High Flux Membranes for Organic Solvent Nanofiltration (OSN) - Interfacial Polymerization and Solvent Activation

M.F. Jimenez Solomon, Y. Bhole, A.G. Livingston
Imperial College London, UK

Keywords: organic solvent nanofiltration, solvent resistant, thin film composite membranes, interfacial polymerization, hydrophobic, surface modification, solvent activation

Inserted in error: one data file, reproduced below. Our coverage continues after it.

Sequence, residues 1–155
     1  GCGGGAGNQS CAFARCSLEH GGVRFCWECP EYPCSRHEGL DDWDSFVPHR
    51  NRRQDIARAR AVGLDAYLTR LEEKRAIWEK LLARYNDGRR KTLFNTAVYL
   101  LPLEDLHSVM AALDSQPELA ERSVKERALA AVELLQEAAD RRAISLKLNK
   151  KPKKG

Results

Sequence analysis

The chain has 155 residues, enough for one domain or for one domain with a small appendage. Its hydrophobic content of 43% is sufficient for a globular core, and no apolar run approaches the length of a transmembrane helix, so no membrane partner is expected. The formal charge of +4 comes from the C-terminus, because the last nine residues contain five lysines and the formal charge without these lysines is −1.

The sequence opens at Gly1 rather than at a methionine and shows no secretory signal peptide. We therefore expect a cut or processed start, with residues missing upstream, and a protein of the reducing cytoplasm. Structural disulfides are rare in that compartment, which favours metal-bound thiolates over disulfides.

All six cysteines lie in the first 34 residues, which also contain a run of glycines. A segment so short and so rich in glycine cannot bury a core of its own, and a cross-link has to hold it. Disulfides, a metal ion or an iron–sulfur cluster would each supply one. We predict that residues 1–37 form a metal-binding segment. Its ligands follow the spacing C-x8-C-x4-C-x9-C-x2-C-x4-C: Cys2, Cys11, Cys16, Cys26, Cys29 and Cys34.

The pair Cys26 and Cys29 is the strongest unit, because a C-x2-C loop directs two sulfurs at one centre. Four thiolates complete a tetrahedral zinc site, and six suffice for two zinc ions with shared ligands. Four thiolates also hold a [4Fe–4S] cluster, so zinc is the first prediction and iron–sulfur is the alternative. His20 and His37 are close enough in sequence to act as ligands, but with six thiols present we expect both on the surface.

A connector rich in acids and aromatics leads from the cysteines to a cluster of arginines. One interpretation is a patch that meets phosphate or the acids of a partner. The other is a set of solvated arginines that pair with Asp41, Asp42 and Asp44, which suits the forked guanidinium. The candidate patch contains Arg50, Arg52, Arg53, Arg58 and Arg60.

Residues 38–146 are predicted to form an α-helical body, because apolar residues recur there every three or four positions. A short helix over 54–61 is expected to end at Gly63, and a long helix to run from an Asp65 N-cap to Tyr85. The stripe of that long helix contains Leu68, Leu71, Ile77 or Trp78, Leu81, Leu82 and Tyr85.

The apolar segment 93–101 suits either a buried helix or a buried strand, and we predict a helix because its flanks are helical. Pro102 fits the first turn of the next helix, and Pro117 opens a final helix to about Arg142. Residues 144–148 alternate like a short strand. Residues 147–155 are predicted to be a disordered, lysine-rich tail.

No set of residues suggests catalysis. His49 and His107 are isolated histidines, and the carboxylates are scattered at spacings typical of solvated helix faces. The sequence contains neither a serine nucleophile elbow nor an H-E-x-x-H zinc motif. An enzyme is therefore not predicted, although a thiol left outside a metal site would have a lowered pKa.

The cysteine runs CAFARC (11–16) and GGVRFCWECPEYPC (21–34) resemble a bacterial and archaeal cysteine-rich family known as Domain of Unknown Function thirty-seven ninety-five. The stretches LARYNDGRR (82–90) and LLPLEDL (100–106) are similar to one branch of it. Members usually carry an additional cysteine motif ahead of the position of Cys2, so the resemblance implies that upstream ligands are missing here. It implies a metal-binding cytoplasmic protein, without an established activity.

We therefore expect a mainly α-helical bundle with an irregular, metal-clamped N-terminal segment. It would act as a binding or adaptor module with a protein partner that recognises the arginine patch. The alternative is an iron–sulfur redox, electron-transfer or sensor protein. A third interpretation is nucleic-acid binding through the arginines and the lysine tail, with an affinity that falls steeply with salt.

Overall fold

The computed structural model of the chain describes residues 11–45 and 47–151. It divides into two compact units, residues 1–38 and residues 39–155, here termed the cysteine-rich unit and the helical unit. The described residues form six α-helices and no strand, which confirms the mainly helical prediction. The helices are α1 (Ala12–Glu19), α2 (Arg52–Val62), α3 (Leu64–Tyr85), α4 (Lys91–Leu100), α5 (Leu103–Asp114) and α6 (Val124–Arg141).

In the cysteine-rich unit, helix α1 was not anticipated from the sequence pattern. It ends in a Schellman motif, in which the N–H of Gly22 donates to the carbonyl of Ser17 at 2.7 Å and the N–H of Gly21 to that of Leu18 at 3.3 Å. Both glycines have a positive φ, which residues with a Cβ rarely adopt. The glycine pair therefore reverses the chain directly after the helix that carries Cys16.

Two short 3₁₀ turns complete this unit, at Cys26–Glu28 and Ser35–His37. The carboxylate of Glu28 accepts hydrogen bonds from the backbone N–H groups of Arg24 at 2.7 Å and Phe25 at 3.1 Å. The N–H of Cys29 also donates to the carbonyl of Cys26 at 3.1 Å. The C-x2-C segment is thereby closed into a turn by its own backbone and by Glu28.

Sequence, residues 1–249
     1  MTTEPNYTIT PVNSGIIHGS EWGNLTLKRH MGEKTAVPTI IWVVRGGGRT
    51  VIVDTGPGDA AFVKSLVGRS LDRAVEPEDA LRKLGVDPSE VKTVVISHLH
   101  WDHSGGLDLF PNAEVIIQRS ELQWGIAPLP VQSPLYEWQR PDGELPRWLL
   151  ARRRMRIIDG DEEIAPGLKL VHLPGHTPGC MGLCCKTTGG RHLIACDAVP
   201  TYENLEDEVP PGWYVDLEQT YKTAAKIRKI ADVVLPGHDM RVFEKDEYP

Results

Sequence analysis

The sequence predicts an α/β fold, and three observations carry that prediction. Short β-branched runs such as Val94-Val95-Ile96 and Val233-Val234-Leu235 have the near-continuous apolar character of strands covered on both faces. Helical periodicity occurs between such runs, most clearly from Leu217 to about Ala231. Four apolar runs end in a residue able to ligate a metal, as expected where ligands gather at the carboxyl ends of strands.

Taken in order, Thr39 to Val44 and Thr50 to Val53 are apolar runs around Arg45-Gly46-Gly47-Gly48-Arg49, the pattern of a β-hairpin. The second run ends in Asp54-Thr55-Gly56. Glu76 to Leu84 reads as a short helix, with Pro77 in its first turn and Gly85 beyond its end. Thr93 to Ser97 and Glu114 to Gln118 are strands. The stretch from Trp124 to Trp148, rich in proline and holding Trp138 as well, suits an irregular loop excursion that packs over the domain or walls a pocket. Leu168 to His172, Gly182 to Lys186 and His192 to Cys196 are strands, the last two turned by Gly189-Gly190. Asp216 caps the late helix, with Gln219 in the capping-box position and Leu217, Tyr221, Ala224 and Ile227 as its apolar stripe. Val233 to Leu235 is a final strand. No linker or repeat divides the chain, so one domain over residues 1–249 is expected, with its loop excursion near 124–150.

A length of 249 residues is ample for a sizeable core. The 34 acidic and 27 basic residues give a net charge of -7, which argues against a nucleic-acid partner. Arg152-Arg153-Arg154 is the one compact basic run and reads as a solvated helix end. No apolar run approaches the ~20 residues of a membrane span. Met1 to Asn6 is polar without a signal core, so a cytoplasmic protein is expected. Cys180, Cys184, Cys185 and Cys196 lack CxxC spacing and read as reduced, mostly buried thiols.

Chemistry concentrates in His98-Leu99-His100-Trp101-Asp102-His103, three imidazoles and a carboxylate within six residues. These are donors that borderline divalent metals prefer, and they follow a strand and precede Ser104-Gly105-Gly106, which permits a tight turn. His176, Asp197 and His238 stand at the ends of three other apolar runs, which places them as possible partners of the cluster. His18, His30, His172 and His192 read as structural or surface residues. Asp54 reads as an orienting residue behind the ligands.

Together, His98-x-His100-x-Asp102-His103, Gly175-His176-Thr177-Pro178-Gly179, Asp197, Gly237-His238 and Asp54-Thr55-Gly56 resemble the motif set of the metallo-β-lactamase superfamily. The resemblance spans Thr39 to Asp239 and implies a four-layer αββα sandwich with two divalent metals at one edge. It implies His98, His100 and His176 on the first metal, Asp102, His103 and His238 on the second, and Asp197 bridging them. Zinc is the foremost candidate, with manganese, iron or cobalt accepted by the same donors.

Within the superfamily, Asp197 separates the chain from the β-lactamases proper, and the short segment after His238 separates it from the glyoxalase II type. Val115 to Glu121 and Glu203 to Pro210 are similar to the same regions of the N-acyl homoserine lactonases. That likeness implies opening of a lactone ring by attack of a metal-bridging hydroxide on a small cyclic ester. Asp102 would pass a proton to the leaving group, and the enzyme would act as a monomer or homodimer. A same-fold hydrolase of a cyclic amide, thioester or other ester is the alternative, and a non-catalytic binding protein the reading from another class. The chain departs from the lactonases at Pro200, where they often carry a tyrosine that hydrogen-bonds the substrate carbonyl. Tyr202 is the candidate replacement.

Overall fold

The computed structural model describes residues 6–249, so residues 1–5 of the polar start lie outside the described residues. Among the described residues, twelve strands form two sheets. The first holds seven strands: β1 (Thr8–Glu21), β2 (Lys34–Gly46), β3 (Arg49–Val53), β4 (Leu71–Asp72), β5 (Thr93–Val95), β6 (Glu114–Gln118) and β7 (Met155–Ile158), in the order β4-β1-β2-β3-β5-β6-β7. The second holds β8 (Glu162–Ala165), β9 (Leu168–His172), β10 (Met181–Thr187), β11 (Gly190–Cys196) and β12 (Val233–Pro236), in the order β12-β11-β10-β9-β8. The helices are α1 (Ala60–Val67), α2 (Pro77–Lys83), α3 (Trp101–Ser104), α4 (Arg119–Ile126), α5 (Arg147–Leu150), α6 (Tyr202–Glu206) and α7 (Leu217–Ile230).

Organic Solvent Nanofiltration (OSN) is an emerging technology for molecular separation and purification processes. A challenge in nanofiltration and reverse osmosis is to broaden the applications from aqueous to organic feeds. This requires solvent stable membranes that preserve their separation characteristics under a large range of solvents. Using integrally skinned (IS) asymmetric membranes we have difficulties controlling the structure of the top layer, which controls selectivity, flux and separation. One way to solve this problem is to make the top-layer in a separate step using alternative chemistries, resulting in Thin Film Composite (TFC) membranes, which have key advantages compared to IS asymmetric membranes. Here, polyimide UF membranes were used as supports for the formation of OSN TFC membranes by interfacial polymerization (IP). Promising results have been obtained by varying different parameters on the formation of the top-layer, enhancing flux and rejection. These novel OSN TFC membranes show good rejection, and dramatically improved permeabilities in different organic solvents, including DMF and THF. Finally, to further improve flux for non-polar solvents, different chemistries have been used, successfully enhancing flux in hydrophobic solvents; including Toluene. These are the first OSN TFC membranes prepared via IP stable in DMF.